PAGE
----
The COVID pandemic has hugely impacted many areas of the global community – including post-graduate education. Due to health, travel and safety restrictions, many Erasmus+ programmes have had to provide education through an online and/or hybrid format, while students from Europe and abroad continue to face significant hurdles conducting their studies. This is especially true for Erasmus+ exchange students.
It’s been over a year since we’ve all had to learn how to live with COVID-19. With significant changes to our daily routines, our habits and even our hobbies. Additionally, there have been many big changes to how the world now functions, so it comes as no surprise to hear that Erasmus+ mobilities have changed too.
As travel and other restrictions continue to ease throughout Europe, students and faculties share their optimism regarding the future of overseas education. Despite the challenges, many have shared that they have no regrets pursuing higher education in Europe, even during the pandemic. The past couple of years have made Erasmus+ programmes reflect and consider the many ways in which the delivery of education and student experiences can be improved upon.
Now, filling in all those Erasmus+ documents pre-Covid feels like a distant memory and that was the easy part! People had just started talking about Coronavirus during the latter part of 2019, but that topic was not the most important one in daily lives and the unknown virus seemed far away. Everyone knows what happened just a few months later. People had to cope with an emotional rollercoaster and inevitable changes to everyday life. Students (and others) wondered where they’d be just a year later – especially if they had an Erasmus+ mobility planned. While some were still hopeful that their Erasmus+ journey would take place and this helped them get through lockdown, others wondered whether life would ever be the same again.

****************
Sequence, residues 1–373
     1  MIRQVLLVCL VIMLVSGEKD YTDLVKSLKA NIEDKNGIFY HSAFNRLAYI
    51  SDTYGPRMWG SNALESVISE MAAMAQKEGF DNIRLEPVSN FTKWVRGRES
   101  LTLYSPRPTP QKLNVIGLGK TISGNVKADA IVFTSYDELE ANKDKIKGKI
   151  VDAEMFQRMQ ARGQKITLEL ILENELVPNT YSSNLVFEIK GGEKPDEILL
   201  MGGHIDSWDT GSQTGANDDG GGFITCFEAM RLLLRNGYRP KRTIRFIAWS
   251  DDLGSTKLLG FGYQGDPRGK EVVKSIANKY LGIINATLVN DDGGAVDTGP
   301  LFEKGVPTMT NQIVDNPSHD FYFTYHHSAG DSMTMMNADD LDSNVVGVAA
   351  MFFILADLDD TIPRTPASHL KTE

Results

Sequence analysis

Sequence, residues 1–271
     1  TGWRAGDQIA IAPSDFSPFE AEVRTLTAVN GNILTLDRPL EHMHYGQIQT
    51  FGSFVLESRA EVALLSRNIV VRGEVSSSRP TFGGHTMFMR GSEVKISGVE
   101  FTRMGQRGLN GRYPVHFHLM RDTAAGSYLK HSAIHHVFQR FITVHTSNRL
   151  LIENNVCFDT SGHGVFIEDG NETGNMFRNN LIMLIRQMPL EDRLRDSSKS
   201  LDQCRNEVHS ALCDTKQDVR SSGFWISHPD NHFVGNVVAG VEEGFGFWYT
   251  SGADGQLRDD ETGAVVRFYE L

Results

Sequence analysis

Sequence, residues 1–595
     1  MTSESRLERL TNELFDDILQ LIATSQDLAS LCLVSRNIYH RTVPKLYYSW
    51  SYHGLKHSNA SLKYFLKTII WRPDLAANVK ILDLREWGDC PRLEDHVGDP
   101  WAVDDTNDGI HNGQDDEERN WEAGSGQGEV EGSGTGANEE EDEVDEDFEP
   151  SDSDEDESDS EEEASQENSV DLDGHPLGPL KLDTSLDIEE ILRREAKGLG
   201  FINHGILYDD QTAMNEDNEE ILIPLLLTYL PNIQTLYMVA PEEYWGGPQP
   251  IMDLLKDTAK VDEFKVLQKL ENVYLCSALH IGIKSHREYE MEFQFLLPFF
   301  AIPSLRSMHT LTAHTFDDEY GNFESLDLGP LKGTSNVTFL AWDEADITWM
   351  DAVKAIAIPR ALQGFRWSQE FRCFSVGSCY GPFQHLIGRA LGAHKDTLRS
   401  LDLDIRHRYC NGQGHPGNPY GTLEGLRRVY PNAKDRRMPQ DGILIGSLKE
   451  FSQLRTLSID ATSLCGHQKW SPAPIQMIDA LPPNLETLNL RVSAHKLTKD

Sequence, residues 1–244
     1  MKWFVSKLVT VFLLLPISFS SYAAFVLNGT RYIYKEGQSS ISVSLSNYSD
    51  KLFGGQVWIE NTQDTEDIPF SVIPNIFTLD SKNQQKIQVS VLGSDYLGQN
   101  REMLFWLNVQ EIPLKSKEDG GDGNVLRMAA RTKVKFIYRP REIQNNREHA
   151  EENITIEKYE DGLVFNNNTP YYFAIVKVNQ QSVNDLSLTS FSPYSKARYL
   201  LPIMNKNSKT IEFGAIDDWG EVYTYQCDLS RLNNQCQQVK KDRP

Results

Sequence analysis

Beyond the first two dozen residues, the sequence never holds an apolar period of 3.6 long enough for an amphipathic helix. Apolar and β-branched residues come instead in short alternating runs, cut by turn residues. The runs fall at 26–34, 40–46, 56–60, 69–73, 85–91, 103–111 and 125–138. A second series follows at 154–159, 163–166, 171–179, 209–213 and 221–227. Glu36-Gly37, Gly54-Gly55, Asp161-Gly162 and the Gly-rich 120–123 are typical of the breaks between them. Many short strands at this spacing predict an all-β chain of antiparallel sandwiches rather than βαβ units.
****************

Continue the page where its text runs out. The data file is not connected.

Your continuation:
Things are different now and while an Erasmus+ mobility may not look quite the way students imagined it; with a few more challenges, it is still worth diving into this type of adventure. The chances of going to a huge party may not look as realistic, but taking a walk in nearby forests or exploring a new home in an alternative way will bring another perspective to life. In some areas, students might no be not able to visit the museums, but there’s still an opportunity to pay more attention to the beautiful architecture of a city. Travel might be less easy as before, despite best laid plans, but there will still be time to explore a host country. Last but not least, it might feel impossible to meet all the other Erasmus+ students physically, but there is always a way to approach new people and find common interests. Even online, remotely and safely.